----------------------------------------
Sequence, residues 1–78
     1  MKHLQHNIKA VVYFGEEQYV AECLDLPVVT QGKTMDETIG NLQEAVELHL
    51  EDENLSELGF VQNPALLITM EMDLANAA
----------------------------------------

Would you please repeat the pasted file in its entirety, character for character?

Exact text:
Sequence, residues 1–78
     1  MKHLQHNIKA VVYFGEEQYV AECLDLPVVT QGKTMDETIG NLQEAVELHL
    51  EDENLSELGF VQNPALLITM EMDLANAA